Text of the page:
Other progressives see single-family houses as inherently racist, an accusation that increasingly defines the political agenda of the modern left. They cite clear evidence that many communities had employed zoning to keep out African-Americans, Latinos and, in some places, Jews. Yet such policies have been illegal for decades.
If single-family homes are inherently racist, then so are many minorities. Since 2000, the vast majority of African-American, Latino and Asian growth has been in suburban and exurban areas, while core cities, like Chicago, have seen significant black flight to the suburbs.
The Coalition to Kill the American Dream
The progressive dream centers on a vision of a dense, egalitarian urban core. Yet in terms of inequality, dense core cities—notably New York, Los Angeles and San Francisco—are generally far less equal than lower density areas. As for what place attracts families, it’s not even remotely close: People living in suburbs and exurbs are far more likely to have children in their household. The 8 percent of core residents with children aged 6 to 17 is barely a third of the percentage in suburbs and exurbs.
This may be critical for the political future as millennials, born between 1980 and 1999, reach their peak child-bearing years, and continue moving to the suburbs in huge numbers. While most media and academic thinkpieces focus on the glory of density and planning, over 80 percent of all purchases in 2018 by people under 37 are of single-family homes. San Francisco or downtown Los Angeles do not attract anything like the numbers of millennials as places like the much disdained Inland Empire, located in suburban and exurban San Bernardino and Riverside countries and now the fastest-growing U.S. metro area for new millennial residents, according to data from RCLCO, a real estate analytics company.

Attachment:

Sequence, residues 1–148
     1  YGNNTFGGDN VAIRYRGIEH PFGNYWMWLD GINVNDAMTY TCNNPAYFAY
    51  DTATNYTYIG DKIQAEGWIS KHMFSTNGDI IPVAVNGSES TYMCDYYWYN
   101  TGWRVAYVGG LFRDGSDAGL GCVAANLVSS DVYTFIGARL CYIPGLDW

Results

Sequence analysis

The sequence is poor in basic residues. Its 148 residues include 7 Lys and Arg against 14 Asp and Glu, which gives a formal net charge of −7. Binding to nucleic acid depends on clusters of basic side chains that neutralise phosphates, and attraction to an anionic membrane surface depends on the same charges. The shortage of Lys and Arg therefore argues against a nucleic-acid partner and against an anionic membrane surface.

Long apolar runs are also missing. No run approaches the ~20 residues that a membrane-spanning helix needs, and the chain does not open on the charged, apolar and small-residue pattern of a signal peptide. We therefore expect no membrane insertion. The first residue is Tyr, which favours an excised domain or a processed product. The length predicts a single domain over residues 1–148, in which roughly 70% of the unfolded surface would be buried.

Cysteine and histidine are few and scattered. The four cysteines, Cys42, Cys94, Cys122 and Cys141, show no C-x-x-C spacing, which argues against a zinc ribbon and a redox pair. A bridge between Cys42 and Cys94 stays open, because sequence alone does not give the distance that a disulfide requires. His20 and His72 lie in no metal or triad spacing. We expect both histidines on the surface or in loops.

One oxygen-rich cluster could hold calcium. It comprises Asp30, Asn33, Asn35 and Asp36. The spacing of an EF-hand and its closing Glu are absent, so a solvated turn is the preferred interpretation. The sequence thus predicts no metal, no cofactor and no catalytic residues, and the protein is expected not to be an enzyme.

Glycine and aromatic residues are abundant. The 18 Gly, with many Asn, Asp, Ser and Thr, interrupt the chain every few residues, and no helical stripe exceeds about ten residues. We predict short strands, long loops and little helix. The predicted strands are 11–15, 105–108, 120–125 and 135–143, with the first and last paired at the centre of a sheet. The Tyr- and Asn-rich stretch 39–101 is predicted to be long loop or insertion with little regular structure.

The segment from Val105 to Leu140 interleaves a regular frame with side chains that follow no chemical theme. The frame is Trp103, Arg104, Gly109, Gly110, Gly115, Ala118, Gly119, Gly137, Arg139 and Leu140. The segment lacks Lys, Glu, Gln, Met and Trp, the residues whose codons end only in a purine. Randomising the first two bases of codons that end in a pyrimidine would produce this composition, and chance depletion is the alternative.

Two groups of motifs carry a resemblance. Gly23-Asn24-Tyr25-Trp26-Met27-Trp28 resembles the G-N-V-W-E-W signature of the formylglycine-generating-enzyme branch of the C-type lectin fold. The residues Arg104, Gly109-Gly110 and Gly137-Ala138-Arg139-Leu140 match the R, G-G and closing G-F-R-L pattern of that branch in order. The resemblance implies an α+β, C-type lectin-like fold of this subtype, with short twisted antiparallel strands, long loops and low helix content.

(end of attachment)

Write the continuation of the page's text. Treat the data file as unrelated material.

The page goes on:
So, who is against the idea that millennials, minorities and immigrants should get a crack at the American dream? If it were just addled planners and gentry environmentalists like Michael Bloomberg or Tom Steyer, Republicans could identify with a middle-class resistance. But the new residential feudalism—where only a few can afford property and most remain lifetime rent serfs—also enjoys wide support from the monied on Wall Street, where investors embrace the notion of “the rentership society.” Groups favoring forced densification, notes The Nation and Dissent writer Zelda Bronstein, like to portray themselves as grassroots but often get much of. their funding from real estate interests and tech oligarchs.
Forced density advocates have also won over intellectual allies on the right, mainly from libertarian “free market” conservative foundations such as Cato, Mercatus and Heritage. These groups, notes long-time urban planning critic Randall O’Toole, have persuaded themselves that deregulating urban space will help lower prices, even when done in conjunction with shutting down suburban growth.